# Nanopositioning Stages - Coupled Motion in Nanopositioners - Supplier Data by Mad City Labs

## Topics Covered

Background

Nanopositioning Stages - Coupled Motion in Nanopositioners – Supplier Data by Mad City Labs

Understanding Coupled Motion and Its Effect on Nanopositioning

Calculating Positioning Errors

Examples of Yaw Pitch and Roll in a Mad City Labs Nanopositioning Stage

Pure Motion Amplifiers

## Background

All Mad City Labs Nanopositioning stages are designed and manufactured with the goal of minimizing or eliminating coupled motion. By minimizing coupled motion, pure linear motion is achieved. Pure linear motion nanopositioning stages give accurate results: the shape and size of objects you measure in microscopy applications are correct, the stage behaves identically running in the forward and reverse directions, and the position along each axis is independent of the position along the other axes.

## Understanding Coupled Motion and Its Effect on Nanopositioning

To understand coupled motion and the effects it has on nanopositioning, it is appropriate to concentrate on the angular coupled motions of roll, pitch, and yaw. In the figure below, the angles of roll, pitch and yaw are defined for a standard Mad City Labs single axis nanopositioning stage.

Figure 1. Schematic showing the relative motions of yaw, pitch and roll.

## Calculating Positioning Errors

The positioning errors due to coupled motion are easily calculated. By way of example we define the X-axis as the translation direction and determine the positioning errors due to Yaw in the XY plane. The positioning errors are dependent on how far the point of interest is located from the stage center, D, and on its angular position, θ, see figure below. The positioning errors are ex=D(Yaw)cos θ and ey=D(Yaw)sin θ. Similar relationships can be derived for roll and pitch.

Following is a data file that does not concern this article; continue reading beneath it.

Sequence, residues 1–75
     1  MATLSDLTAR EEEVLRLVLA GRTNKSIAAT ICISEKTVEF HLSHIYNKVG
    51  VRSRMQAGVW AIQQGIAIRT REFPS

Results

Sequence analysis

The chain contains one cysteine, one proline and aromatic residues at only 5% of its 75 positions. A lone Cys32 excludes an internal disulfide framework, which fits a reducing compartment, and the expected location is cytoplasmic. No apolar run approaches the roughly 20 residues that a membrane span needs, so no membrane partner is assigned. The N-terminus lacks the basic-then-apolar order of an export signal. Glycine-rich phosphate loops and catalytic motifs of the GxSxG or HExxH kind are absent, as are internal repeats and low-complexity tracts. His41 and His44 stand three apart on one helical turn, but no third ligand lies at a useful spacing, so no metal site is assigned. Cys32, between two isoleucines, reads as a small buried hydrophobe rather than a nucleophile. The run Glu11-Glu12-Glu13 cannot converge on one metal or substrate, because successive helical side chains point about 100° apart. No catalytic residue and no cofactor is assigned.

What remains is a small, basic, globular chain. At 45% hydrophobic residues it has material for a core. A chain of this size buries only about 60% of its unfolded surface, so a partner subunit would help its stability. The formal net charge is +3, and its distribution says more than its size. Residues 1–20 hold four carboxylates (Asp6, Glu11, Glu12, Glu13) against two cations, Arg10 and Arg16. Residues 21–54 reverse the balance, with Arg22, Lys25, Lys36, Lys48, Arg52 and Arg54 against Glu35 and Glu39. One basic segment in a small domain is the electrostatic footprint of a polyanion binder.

Figure 2. Relationship between Yaw and distance from stage center.

## Examples of Yaw Pitch and Roll in a Mad City Labs Nanopositioning Stage

Every Mad City Labs Nanopositioning stage is measured for roll, pitch and yaw during final production testing. Examples of such measurements are given in the figures below.  Using these examples we can calculate ex and ey. The maximum Yaw is 3 μrad, if we assume D = 10mm and θ = 45o, then ex=ey= 21 nm. This is correctly interpreted as a relative positioning error over the entire measurement range of 20 μm. The relative error is therefore equal to 0.1% for this example.

Figure 3. Actual measurements of Yaw, Pitch and Roll in a nanopositioning stage.

## Pure Motion Amplifiers

To achieve long range motion in a moderate footprint the piezoactuator motion is often amplified. Amplifying the motion of a piezoactuator can result in parasitic coupled motion. Among these parasitic motions are the introduction of rotations about the X, Y or Z-axis, and the direct coupling of an X axis translation to a Y axis translations. Quite often these parasitic motions are non reproducible making them difficult or expensive to correct for, making it impossible to zoom in on an object or making it impossible to achieve absolute imaging. For example, a number of nanopositioners on the market use parallelograms or other types of amplifiers, which introduce rotational errors. Such a device is shown schematically below, where the coupled motions are evident.

Figure 4. Schematic of parallelogram amplifiers which can introduce rotational errors.

Parallelogram amplifiers and similar devices are not used in Mad City Labs nanopositioners. In Mad City Labs nanopositioners “Pure Motion Amplifiers” are used to achieve the mechanical amplification. Pure Motion Amplifiers are designed by a strict set of rules, which minimize coupled motions between the axis, typically we achieve 10 microradians or less of roll pitch and yaw in our 100 micron scanning stages. This translates to a measuring error of 1 nm in 100 microns, or 0.001% error. Additionally there is no direct coupling between the X and the Y-axis. Therefore the image of a 10 micron x 10 micron square is a 10 micron x 10 micron square using a Mad City Labs nanopositioning system.